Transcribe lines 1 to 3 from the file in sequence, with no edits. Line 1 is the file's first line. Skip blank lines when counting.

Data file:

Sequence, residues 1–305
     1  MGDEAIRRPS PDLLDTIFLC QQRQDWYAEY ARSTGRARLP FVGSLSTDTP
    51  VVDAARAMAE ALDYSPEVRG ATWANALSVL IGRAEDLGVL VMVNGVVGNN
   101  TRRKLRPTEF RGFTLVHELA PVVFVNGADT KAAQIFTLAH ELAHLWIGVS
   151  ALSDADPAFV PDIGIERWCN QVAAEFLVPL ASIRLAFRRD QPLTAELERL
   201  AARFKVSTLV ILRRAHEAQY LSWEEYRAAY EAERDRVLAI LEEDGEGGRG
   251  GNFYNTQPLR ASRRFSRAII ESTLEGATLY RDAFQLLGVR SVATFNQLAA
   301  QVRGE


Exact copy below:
Sequence, residues 1–305
     1  MGDEAIRRPS PDLLDTIFLC QQRQDWYAEY ARSTGRARLP FVGSLSTDTP
    51  VVDAARAMAE ALDYSPEVRG ATWANALSVL IGRAEDLGVL VMVNGVVGNN